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GOP reverses course, kicks debt extension down the road
Question of the Day
House Republicans backed away from threats of a government shutdown on Wednesday, passing a bill that pushes a debt crisis off until at least the middle of May to give all sides more space to negotiate broader tax and spending deals.
The move marks a major reversal from the GOP’s earlier demand than any new debt be matched dollar for dollar with new spending cuts.
In order to try to make that easier for conservatives to swallow, Republican leaders attached a provision that holds lawmakers’ pay hostage until they pass a budget this year — a move that puts the measure in legal jeopardy, since it could conflict with the Constitution’s ban on altering lawmakers’ pay to try to force them to take action.
The bill passed 285-144 with substantial support from Democrats.
Senate Democrats said they’ll pass the bill and send it on to President Obama, who has signaled he would sign it. It represents a significant victory for them, since it does not include any offsetting spending cuts.
But many House Democrats still objected, saying it is too short of an extension to provide the certainty the economy needs.
“Three months? Where is the certainty in three months?” said House Minority Leader Nancy Pelosi, California Democrat. “We should not even be having a debate. There should be no doubt the full faith and credit of the United States will be honored.”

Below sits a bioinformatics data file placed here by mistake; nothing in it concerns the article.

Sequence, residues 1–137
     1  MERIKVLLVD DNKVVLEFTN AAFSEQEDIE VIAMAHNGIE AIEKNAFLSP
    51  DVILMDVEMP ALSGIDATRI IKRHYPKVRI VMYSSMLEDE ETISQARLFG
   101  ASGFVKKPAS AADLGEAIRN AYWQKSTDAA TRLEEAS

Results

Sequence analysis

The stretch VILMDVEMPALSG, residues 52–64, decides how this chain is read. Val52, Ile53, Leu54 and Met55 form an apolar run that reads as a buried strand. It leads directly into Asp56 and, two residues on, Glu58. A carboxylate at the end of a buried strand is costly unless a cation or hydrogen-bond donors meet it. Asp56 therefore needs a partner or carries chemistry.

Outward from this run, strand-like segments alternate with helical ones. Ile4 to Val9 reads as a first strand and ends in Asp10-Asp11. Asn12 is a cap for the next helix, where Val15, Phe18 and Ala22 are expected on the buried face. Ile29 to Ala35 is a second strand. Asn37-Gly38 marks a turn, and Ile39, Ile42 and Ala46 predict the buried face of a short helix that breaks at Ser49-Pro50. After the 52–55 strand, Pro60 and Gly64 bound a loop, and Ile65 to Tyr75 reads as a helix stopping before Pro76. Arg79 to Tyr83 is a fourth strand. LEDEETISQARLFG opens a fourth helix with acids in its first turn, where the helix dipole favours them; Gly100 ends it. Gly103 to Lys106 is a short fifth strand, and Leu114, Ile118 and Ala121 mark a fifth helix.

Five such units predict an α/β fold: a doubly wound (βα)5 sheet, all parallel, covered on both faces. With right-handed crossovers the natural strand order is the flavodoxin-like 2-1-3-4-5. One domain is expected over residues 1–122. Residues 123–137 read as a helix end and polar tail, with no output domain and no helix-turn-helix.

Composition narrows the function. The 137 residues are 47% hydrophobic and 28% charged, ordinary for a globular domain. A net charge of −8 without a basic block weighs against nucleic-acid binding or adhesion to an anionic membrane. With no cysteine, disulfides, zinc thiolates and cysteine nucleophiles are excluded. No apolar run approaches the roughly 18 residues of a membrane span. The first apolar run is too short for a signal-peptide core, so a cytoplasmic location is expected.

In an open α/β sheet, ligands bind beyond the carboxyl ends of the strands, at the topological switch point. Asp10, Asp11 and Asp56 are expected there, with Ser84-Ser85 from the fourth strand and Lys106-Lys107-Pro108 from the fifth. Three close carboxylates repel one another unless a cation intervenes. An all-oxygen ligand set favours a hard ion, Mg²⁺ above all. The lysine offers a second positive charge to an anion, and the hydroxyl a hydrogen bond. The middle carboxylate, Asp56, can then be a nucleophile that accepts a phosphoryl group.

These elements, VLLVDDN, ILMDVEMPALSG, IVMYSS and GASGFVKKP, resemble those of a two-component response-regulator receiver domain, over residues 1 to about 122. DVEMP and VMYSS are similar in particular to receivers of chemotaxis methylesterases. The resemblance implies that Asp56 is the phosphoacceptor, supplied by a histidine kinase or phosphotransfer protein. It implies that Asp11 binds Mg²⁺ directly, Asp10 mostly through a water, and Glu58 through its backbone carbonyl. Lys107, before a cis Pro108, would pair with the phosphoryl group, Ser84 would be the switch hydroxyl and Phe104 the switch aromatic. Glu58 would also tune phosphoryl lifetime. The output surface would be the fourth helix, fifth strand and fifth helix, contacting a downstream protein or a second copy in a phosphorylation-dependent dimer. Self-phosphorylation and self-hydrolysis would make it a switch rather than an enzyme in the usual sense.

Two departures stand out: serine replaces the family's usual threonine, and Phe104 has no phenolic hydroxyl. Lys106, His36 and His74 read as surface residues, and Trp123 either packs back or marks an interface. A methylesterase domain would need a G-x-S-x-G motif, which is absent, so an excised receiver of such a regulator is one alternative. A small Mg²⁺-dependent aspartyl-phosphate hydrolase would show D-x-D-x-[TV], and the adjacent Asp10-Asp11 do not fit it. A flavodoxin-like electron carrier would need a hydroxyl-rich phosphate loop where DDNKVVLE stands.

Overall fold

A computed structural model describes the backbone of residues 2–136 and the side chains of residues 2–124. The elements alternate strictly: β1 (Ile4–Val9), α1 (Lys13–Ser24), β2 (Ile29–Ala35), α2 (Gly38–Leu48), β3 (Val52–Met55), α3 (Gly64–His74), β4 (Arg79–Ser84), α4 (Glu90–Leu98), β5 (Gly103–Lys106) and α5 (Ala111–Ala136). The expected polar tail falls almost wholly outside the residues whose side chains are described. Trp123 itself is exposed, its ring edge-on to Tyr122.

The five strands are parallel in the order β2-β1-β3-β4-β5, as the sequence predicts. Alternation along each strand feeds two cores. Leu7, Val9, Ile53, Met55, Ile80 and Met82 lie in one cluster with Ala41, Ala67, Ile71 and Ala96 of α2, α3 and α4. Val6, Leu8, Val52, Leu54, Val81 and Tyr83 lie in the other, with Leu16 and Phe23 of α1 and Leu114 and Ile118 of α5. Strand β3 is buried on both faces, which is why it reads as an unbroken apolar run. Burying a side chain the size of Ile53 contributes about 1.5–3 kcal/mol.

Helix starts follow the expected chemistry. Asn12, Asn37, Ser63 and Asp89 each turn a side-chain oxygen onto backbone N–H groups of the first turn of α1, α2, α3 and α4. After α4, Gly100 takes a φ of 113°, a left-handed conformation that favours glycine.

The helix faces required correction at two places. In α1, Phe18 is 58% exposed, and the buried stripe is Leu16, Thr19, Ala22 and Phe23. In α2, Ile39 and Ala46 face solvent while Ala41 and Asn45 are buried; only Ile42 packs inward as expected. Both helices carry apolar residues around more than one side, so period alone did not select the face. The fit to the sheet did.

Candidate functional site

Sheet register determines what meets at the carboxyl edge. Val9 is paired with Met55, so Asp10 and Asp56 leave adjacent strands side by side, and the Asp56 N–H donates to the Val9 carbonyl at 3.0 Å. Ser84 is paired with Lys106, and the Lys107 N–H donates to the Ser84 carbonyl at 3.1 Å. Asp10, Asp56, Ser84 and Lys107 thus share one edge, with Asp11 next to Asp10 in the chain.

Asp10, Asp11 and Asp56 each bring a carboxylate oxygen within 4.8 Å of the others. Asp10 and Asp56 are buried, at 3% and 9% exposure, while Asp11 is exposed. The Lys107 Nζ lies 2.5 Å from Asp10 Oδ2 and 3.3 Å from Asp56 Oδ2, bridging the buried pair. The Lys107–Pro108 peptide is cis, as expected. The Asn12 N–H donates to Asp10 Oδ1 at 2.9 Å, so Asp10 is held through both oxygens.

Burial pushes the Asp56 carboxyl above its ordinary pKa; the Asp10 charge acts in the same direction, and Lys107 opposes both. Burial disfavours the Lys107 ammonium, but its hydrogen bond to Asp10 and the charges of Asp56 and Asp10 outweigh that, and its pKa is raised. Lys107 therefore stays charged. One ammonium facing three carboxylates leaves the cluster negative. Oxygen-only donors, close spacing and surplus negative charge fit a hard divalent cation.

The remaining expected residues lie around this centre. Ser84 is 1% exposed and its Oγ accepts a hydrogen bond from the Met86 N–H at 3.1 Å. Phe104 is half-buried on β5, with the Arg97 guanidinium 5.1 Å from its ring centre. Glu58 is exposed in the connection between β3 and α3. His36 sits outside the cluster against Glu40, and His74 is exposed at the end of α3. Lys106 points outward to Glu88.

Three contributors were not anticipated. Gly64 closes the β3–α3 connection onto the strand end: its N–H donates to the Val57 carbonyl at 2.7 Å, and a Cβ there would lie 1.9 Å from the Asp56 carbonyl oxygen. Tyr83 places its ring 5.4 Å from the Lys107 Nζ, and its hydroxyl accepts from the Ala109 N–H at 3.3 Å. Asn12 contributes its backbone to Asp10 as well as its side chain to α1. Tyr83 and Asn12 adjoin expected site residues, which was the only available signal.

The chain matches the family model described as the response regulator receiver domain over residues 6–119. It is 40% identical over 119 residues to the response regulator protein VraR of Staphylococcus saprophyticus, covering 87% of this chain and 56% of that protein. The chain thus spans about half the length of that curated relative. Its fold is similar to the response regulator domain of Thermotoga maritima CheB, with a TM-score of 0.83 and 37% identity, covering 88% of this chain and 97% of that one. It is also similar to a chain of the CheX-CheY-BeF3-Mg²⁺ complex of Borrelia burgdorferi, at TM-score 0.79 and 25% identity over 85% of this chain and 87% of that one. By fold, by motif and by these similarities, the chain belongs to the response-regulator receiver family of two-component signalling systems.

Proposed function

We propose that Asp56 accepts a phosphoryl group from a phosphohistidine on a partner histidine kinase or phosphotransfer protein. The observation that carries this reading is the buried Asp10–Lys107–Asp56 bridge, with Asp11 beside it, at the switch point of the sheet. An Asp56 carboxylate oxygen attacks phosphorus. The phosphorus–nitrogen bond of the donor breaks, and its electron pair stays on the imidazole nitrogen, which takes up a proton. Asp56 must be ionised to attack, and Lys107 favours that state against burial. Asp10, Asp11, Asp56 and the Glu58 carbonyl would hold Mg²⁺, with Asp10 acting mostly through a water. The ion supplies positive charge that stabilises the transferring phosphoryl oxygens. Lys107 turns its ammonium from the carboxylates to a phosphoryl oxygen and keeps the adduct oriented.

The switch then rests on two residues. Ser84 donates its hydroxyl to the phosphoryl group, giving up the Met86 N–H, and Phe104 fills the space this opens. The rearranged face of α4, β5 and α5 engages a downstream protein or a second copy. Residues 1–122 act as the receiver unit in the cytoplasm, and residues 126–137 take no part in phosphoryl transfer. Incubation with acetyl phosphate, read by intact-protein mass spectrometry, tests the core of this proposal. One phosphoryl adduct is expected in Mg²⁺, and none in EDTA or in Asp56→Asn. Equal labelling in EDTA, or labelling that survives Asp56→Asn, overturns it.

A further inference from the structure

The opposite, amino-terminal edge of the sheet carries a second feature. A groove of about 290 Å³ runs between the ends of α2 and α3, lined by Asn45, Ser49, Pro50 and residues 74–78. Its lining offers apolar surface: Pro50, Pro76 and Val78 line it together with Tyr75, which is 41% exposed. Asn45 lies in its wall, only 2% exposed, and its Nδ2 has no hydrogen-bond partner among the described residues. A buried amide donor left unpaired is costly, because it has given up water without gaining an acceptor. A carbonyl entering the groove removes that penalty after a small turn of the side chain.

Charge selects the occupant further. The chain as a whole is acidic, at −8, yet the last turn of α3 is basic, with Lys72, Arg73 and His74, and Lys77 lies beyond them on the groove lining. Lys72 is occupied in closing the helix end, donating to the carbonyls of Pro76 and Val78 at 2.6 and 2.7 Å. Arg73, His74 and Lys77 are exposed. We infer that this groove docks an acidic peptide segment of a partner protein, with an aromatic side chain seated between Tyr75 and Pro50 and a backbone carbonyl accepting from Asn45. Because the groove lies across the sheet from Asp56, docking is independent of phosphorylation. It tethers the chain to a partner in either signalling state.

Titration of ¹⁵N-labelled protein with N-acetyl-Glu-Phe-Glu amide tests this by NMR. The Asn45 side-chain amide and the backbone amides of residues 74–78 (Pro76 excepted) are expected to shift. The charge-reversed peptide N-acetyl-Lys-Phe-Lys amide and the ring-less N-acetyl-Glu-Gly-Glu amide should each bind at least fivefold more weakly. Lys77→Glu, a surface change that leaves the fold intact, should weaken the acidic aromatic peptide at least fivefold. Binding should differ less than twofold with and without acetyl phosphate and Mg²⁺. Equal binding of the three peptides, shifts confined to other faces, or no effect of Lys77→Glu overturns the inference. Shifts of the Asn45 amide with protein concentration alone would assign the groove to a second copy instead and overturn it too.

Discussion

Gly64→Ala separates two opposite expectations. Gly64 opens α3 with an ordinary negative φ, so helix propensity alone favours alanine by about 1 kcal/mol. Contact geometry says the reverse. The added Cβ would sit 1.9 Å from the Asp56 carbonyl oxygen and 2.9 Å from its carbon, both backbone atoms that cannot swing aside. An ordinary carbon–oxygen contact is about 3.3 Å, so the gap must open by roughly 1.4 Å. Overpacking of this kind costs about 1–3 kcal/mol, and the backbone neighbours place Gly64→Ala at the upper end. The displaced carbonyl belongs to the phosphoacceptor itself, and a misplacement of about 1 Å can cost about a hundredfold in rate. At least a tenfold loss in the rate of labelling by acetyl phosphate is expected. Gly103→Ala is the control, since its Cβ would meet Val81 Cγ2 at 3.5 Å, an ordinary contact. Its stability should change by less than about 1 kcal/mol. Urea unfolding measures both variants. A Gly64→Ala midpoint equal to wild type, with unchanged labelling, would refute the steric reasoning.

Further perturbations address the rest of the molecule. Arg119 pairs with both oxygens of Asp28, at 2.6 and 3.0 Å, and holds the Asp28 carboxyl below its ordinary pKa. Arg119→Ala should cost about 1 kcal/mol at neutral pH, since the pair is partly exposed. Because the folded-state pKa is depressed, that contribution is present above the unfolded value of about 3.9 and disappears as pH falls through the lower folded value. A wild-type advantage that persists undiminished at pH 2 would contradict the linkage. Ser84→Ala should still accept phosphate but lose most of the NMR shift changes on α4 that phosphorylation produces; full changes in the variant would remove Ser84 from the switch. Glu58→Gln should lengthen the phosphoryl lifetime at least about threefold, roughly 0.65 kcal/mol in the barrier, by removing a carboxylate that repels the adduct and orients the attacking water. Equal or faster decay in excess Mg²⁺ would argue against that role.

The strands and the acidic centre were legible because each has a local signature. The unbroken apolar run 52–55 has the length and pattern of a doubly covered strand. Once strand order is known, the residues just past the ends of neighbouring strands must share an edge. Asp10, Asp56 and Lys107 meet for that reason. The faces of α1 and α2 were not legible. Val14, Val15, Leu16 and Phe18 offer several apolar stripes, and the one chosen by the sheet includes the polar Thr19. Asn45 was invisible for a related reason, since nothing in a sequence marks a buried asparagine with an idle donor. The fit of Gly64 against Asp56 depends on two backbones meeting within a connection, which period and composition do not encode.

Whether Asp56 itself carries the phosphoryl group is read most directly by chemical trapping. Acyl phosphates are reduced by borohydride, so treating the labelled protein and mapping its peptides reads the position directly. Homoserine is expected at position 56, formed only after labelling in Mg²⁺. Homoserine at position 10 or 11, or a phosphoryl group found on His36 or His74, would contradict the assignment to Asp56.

The pay provisions are complex, and Republicans tried to write them to conform to the Constitution’s 27th Amendment, which prohibits one Congress from “varying” its own compensation.
If either chamber doesn’t pass a budget by April 15, the salaries for that house’s members are put in escrow. The money is paid out either once lawmakers pass a budget or, even if they never do pass one, it will be paid out at the end of the Congress. The GOP drafters of the provision said that meant they haven’t altered salaries.
The money would not accrue interest because that would then be an adjustment of pay, which would be unconstitutional, Republicans said.
Likewise, the debt extension is carefully drawn. It doesn’t set a new debt limit but waives the current $16.39 trillion ceiling through May 18, meaning all new borrowing during that time will be allowed.
Still, that’s a major reversal from the past two years, when the GOP said any new borrowing authority should be a chance to force cuts.
Republicans hit their high-water mark in August 2011, when they attached $900 billion in discretionary spending caps and future spending sequesters to a debt increase.
But since then, the GOP has struggled to find unity, with some members backing more spending and tax increases, others opposed the automatic spending cuts to defense, and still others wanting to see a government shutdown in order to force cuts.
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About the Author
Stephen Dinan can be reached at email@example.com.
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